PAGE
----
Call for help from the Venezuelan community for freedom and an end to oppression in Curaçao

WILLEMSTAD - In a new episode that has raised concern, two Venezuelan citizens were arrested today in Willemstad and transferred to the Immigration Department for detention. This situation has exhausted the patience of the Venezuelan community, which is tired of numerous arbitrary arrests, the hopeless incarceration of refugees and migrants in crisis, the growing number of stateless children, labor exploitation, and xenophobia in Curaçao. 

"We've had enough," states Natalia Josefina Molina Rodríguez, a representative of the Venezuelan community in Curaçao. She raises her voice to demand justice, an end to oppression, and the deserved recognition of the valuable contributions that Venezuelans have made to Curaçaoan society. 


Violation of Rights 


The arrests took place on June 27 during a police control. According to Natalia Josefina Molina Rodríguez, these arrests constitute a violation of immigrants' rights. She emphasizes that these individuals have the right to receive information and protection, just as expected in any other country in the world. They should not be subjected to an administrative and legal process that exposes them to deportation without considering their arguments and individual circumstances. 


The community perceives the government's argument of integrating Venezuelans into Curaçaoan social life as false and insincere, as indicated by Rodríguez. She insists on the urgent need to review the current immigration policy, which she believes condemns many to unnecessary uncertainty and distress.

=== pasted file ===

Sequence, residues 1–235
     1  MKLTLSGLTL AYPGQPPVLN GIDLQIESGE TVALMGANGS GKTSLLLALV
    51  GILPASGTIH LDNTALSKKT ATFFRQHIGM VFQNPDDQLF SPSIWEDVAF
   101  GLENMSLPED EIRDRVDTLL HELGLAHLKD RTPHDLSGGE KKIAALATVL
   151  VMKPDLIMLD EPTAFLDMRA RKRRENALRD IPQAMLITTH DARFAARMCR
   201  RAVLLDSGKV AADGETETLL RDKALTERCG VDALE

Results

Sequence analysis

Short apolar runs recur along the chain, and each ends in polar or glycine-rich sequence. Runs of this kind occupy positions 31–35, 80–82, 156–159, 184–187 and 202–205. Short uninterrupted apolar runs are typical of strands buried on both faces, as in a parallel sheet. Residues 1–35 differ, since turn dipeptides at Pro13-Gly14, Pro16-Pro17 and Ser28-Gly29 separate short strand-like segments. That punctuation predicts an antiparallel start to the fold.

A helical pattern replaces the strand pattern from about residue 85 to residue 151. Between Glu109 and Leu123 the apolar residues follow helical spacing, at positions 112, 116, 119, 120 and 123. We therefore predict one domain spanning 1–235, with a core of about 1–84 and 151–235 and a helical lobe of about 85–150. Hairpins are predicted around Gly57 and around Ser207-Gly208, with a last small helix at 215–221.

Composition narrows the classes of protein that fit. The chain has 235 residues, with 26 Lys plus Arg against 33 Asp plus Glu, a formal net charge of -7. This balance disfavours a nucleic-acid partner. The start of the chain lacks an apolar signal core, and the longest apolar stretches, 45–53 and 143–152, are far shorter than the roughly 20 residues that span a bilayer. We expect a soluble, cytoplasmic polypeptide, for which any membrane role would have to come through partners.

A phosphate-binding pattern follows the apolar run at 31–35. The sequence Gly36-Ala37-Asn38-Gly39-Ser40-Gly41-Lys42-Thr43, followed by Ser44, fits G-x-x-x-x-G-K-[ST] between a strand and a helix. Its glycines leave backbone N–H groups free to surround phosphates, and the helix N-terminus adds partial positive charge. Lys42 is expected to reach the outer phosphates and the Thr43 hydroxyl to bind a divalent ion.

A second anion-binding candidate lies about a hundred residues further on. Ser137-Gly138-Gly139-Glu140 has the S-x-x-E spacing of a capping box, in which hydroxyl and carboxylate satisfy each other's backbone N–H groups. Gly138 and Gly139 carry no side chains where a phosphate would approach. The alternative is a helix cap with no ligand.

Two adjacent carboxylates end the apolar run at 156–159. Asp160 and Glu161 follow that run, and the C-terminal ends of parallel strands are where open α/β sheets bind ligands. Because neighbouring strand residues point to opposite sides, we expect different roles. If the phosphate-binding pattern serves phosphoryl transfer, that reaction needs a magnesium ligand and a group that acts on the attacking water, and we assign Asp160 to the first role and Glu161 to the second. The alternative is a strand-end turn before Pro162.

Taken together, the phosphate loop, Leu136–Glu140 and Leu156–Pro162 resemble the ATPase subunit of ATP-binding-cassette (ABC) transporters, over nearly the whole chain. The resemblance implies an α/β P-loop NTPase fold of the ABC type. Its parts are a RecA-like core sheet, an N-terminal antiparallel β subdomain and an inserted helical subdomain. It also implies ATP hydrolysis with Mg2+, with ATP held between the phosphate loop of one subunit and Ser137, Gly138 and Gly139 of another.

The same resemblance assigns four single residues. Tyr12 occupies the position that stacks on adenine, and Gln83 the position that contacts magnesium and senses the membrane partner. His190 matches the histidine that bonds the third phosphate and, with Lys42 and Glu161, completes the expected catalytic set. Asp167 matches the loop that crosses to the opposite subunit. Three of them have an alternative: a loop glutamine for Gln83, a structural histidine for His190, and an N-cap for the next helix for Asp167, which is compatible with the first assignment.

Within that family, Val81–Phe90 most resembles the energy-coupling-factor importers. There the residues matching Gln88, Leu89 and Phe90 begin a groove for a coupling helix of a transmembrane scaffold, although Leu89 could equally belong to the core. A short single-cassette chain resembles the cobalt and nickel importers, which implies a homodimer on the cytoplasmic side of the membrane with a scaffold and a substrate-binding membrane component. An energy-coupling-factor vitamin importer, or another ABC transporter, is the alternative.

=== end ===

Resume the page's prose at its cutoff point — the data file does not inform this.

Seeking Justice 


"Many Venezuelans feel persecuted and exploited, both in the streets and in their workplaces. We firmly believe that the term 'illegal' stigmatizes us and violates our rights as full-fledged citizens. We are not criminals or undocumented. We fulfill our tax obligations and work hard to support our families. The time for justice has come," states Molina Rodríguez convincingly. 


Well-being and Development 


Criticism also extends to the working conditions faced by Venezuelans on the island. Many of them work over ten hours a day without any social protection, contributing to the development and well-being of Curaçao. 

Rodríguez makes a strong call to the government of Curaçao and international organizations such as the International Organization for Migration (IOM) and the United Nations High Commissioner for Refugees (UNHCR) to collaborate in establishing a coherent policy that comprehensively benefits the Venezuelan community. 


In the pursuit of justice, the Human Rights Defense Curaçao (HRDC) organization currently provides assistance to unjustly detained Venezuelans. Rodríguez proudly emphasizes that Venezuelans feel deeply connected to their Latin American and Venezuelan heritage, and they demand respect and justice for a community that, according to her, is an essential part of Curaçao.